10 Questions For (23): Tom Meyers of EuroCheapo.com

Happy to present a community and team builder: Tom Meyers (@Budtravel?), brother of @Pete Meyers, of EuroCheapo.com.

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Tom Meyers in Paris

1) Who are you?
I’m Tom Meyers, the founder and editor of EuroCheapo.com, a guide to budget travel in Europe. I’m American and live in New York City.

2) What do you like about what you do?
First off, I love to travel and feel very fortunate that my job allows me to travel to Europe a couple times a year. After eight years of doing this, I still get a thrill every time I arrive in a city and head off to visit hotels.

I also really enjoy running my own business and, together with my business partner (and brother) Pete, making decisions, and implementing them right away on the site.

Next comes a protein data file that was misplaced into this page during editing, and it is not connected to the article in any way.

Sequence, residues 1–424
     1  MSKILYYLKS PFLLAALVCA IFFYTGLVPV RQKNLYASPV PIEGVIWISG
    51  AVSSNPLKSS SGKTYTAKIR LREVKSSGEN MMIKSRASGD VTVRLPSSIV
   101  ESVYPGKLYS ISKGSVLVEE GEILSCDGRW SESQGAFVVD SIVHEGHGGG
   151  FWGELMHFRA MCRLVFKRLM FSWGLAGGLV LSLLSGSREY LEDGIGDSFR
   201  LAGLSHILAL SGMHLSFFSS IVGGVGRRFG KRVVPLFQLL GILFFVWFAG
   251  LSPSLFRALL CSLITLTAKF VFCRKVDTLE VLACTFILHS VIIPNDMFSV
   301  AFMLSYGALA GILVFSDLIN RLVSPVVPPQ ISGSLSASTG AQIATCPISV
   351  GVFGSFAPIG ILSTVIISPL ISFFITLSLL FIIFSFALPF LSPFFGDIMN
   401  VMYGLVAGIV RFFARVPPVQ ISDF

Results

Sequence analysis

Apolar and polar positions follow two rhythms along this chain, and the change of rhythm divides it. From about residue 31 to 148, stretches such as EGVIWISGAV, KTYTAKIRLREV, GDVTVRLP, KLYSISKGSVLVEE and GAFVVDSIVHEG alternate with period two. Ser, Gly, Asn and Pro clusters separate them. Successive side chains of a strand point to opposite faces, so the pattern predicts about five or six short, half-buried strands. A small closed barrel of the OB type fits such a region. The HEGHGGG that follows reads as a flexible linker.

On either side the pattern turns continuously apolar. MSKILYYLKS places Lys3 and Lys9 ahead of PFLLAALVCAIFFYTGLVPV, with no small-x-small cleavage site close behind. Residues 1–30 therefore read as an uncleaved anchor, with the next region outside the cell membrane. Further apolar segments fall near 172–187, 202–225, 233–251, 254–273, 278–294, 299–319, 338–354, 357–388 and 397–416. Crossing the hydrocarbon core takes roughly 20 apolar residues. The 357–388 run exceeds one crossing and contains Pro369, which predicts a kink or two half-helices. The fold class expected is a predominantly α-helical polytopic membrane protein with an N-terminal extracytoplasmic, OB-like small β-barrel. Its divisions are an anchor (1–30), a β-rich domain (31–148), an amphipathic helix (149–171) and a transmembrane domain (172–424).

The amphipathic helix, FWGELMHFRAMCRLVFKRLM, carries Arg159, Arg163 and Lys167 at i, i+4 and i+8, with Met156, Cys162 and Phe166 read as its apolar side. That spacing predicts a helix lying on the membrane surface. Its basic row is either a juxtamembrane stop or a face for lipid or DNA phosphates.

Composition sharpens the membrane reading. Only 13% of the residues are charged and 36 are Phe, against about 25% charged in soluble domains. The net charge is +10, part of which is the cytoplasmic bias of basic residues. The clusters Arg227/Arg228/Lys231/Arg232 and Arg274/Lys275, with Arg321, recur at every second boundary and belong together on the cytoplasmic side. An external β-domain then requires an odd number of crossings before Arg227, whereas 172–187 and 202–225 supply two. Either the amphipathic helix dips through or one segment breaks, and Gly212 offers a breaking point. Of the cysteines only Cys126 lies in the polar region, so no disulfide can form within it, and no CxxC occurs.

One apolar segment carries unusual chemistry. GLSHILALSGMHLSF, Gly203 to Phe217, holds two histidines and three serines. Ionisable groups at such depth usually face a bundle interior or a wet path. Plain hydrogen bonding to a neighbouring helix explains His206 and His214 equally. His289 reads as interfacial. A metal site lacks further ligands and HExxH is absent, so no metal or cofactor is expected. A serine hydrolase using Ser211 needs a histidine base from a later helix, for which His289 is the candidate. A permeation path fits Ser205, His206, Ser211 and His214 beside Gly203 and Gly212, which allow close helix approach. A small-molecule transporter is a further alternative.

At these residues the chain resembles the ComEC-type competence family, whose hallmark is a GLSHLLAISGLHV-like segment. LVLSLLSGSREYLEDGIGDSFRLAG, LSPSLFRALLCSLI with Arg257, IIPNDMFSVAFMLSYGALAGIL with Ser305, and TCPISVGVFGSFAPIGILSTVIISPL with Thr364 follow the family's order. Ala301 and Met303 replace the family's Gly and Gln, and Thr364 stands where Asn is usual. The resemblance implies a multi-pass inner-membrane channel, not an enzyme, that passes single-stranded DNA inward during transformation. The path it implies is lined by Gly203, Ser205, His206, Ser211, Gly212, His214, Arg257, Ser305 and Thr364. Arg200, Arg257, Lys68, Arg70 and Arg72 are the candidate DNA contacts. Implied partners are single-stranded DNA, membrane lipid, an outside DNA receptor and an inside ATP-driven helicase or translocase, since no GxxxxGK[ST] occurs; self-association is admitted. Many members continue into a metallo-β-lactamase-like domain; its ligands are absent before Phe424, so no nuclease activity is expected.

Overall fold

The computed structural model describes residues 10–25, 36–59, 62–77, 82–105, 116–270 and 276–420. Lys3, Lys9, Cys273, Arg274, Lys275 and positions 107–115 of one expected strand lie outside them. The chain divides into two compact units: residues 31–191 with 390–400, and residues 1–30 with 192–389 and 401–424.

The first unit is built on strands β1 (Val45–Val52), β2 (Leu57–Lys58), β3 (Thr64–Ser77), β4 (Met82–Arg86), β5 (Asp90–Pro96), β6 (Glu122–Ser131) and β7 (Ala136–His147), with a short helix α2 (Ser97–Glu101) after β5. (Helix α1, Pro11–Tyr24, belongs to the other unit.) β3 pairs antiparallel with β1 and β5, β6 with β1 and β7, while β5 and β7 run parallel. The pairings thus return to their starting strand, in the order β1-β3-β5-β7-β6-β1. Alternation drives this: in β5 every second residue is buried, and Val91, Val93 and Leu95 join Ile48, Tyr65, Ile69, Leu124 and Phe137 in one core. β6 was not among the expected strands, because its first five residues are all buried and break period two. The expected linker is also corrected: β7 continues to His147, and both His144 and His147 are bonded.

3) What don’t you like about what you do?
I wish that I could travel more frequently. In the years following our 2001 launch, I was the only employee and operated EuroCheapo from my apartment in Berlin. My expenses were minimal, so everything went back into travel. I spent years roaming around European cities hunting down hotels. Now, fortunately, the business has “grown up” and we have grown-up expenses, and I travel less.

4) Please tell us all about your site/blog and your aims with it.
EuroCheapo.com is primarily focused on reviewing budget hotels in Europe. Our writers visit lots of cheap-ish hotels in 26 European cities, find the best deals, take photos and write a review. (note from hh: Eurocheapo’s blog is Eurocheapo Blog)